Richard Wagner's Bicentennial Sparks Effort to Split Music and Anti-Semitism

Hitler's Favorite Composer Gave Himself Black Eye With Bias

Hateful Genius: German composer Richard Wagner was a notorious anti-Semite but a giant of the music world. On the 200th anniversary of his birth, there are more efforts to disentangle those two facts.
getty images
Hateful Genius: German composer Richard Wagner was a notorious anti-Semite but a giant of the music world. On the 200th anniversary of his birth, there are more efforts to disentangle those two facts.

By Reuters

Published January 27, 2013.
  • Print
  • Share Share
  • Single Page

(page 4 of 5)

“It’s never been a Wagner city,” he said in a telephone interview. “And I’m sure it won’t be better after this year is over.”

Music critic Barry Millington, whose book “The Sorcerer of Bayreuth” adds to a bibliography some say makes Wagner the third most written-about person in history, after Jesus and Napoleon, says there is no extricating him from his anti-Semitism.

“I’m attacked by the Wagnerians who think I am dragging him through the mud…They want the Wagner experience to be in this idea-free zone, they want to erect a firewall between the music and the ideology and you can’t. Wagner’s music is rooted in the ideology. That for me is what makes it fascinating,” the British author said.

Wagner’s infamous 1850 essay “Judaism in Music”, published at first under a pen name and some 20 years later under his own, took vile swipes at contemporary Jewish opera composer Giacomo Meyerbeer and the converted Mendelssohn, depicting them and other Jews as “a swarming colony of maggots” feasting on the carcass of German culture. The rants continued unabated right up to Wagner’s death in a Venice palazzo in 1883.

“Anti-Semitism is woven into the fabric of the music of Wagner,” Millington said.

Another view comes from Hamburg-based author Joachim Kohler, one of whose books, called “Wagner’s Hitler, The Prophet and His Disciple” in English, struck a raw nerve with Wagnerians. Kohler, in an interview in his flat, said he had changed his opinion and now saw Wagner’s anti-Semitism as an adjunct of his artistic mind, not as a scenario for which Hitler and the Holocaust were the inevitable last act.

“Yes, I made a mistake…so I revised and I came to the conclusion that Wagner’s anti-Semitism was not political, it was theatrical,” Kohler said.

“And the proof that he had not deep-rooted anti-Semitism against people, it was just an idea against people, is that he had so many Jewish friends.” One of them, Kohler said, was the impresario Angelo Neumann whom Wagner, sick with the expense and trouble of the place, wished would buy Bayreuth.

Kohler’s latest book, entitled “The Laughing Wagner” in German, paints an altogether different picture of Wagner from the grim anti-Semite. Wagner, who stood just over 168 cm, or 5-1/2 feet tall, enjoyed cracking jokes and stood on his head when welcoming the visiting Emperor Dom Pedro II of Brazil to Bayreuth for the festival’s opening in 1876.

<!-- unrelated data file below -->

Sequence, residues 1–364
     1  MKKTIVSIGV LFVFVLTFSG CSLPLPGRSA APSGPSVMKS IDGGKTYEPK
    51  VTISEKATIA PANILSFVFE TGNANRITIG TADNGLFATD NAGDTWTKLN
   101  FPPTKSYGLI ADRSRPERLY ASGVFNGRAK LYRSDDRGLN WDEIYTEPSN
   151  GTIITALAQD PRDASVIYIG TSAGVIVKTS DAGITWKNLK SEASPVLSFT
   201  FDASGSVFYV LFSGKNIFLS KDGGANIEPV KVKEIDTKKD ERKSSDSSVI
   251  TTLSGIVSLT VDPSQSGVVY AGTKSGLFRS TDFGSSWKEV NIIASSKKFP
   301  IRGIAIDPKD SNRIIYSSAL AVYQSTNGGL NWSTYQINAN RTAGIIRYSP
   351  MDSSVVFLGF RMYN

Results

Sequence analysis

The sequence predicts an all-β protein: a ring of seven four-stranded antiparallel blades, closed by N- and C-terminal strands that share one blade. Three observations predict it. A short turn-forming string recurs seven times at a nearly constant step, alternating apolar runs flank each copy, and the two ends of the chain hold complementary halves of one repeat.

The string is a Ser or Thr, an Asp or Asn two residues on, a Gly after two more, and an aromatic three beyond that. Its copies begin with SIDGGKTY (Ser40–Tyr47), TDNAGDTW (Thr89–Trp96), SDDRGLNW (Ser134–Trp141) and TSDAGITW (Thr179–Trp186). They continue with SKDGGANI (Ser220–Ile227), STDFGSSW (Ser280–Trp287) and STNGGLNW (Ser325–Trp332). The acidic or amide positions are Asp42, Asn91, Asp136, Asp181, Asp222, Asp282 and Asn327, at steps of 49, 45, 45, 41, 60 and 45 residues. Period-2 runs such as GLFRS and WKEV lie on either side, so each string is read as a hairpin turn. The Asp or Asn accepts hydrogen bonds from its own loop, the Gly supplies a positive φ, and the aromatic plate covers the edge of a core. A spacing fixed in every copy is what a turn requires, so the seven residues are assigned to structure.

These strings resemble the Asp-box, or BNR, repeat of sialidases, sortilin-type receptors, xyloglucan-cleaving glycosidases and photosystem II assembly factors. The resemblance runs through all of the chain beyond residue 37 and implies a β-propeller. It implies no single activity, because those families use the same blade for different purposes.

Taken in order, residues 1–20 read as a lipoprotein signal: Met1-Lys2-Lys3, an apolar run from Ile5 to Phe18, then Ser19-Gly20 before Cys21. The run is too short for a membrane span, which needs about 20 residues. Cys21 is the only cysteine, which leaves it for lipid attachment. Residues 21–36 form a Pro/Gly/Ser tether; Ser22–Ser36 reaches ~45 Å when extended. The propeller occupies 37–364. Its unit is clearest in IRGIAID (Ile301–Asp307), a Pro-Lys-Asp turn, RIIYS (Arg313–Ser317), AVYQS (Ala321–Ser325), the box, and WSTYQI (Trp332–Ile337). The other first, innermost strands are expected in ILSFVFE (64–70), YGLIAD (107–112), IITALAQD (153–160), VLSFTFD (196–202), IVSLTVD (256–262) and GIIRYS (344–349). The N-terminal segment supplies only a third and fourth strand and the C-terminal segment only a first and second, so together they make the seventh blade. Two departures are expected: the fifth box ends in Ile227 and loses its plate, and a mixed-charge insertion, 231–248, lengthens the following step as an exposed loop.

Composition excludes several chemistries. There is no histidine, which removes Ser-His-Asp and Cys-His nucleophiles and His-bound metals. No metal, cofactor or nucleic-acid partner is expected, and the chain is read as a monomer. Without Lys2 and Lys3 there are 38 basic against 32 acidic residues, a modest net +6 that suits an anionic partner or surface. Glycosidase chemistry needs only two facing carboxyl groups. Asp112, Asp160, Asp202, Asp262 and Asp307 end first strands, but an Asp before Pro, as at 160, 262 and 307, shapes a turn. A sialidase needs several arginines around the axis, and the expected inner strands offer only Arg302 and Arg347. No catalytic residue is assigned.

The Jewish Daily Forward welcomes reader comments in order to promote thoughtful discussion on issues of importance to the Jewish community. In the interest of maintaining a civil forum, The Jewish Daily Forwardrequires that all commenters be appropriately respectful toward our writers, other commenters and the subjects of the articles. Vigorous debate and reasoned critique are welcome; name-calling and personal invective are not. While we generally do not seek to edit or actively moderate comments, our spam filter prevents most links and certain key words from being posted and The Jewish Daily Forward reserves the right to remove comments for any reason.





Find us on Facebook!
  • After years in storage, Toronto’s iconic red-and-white "Sam the Record Man" sign, complete with spinning discs, will return to public view near its original downtown perch. The sign came to symbolize one of Canada’s most storied and successful Jewish family businesses.
  • Is $4,000 too much to ask for a non-member to be buried in a synagogue cemetery?
  • "Let’s not fall into the simplistic us/them dichotomy of 'we were just minding our business when they started firing rockets at us.' We were not just minding our business. We were building settlements, manning checkpoints, and filling jails." What do you think?
  • PHOTOS: 10,000 Israel supporters gathered for a solidarity rally near the United Nations in New York yesterday.
  • Step into the Iron Dome with Tuvia Tenenbom.
  • What do you think of Wonder Woman's new look?
  • "She said that Ruven Barkan, a Conservative rabbi, came into her classroom, closed the door and turned out the lights. He asked the class of fourth graders to lie on the floor and relax their bodies. Then, he asked them to pray for abused children." Read Paul Berger's compelling story about a #Savannah community in turmoil:
  • “Everything around me turns orange, then a second of silence, then a bomb goes off!" First installment of Walid Abuzaid’s account of the war in #Gaza:
  • Is boredom un-Jewish?
  • Let's face it: there's really only one Katz's Delicatessen.
  • "Dear Diaspora Jews, I’m sorry to break it to you, but you can’t have it both ways. You can’t insist that every Jew is intrinsically part of the Israeli state and that Jews are also intrinsically separate from, and therefore not responsible for, the actions of the Israeli state." Do you agree?
  • Are Michelangelo's paintings anti-Semitic? Meet the Jews of the Sistine Chapel: http://jd.fo/i4UDl
  • What does the Israel-Hamas war look like through Haredi eyes?
  • Was Israel really shocked to find there are networks of tunnels under Gaza?
  • from-cache

Would you like to receive updates about new stories?




















We will not share your e-mail address or other personal information.

Already subscribed? Manage your subscription.